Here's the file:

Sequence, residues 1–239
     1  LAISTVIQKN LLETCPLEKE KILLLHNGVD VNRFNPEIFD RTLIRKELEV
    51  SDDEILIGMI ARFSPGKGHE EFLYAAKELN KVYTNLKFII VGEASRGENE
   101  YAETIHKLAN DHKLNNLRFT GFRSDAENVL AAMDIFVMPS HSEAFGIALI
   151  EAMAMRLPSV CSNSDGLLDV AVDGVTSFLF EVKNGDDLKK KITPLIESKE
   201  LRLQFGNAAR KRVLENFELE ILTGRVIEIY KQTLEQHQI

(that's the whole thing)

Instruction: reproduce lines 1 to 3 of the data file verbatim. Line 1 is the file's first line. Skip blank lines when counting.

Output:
Sequence, residues 1–239
     1  LAISTVIQKN LLETCPLEKE KILLLHNGVD VNRFNPEIFD RTLIRKELEV
    51  SDDEILIGMI ARFSPGKGHE EFLYAAKELN KVYTNLKFII VGEASRGENE